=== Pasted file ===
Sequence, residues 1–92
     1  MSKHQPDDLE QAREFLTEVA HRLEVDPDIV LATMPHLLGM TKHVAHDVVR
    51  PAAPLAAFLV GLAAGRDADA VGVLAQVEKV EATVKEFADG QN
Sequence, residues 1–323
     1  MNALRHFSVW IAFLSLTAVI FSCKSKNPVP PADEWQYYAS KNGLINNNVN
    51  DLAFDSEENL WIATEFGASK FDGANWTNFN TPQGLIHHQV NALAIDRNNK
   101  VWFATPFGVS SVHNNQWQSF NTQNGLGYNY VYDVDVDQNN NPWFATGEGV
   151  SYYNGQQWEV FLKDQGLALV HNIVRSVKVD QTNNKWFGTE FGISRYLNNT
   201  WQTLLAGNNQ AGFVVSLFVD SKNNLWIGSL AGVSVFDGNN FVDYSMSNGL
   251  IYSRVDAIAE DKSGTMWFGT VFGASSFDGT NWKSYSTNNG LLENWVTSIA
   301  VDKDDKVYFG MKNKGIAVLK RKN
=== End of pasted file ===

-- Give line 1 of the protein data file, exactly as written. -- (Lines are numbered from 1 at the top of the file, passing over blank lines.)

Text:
Sequence, residues 1–92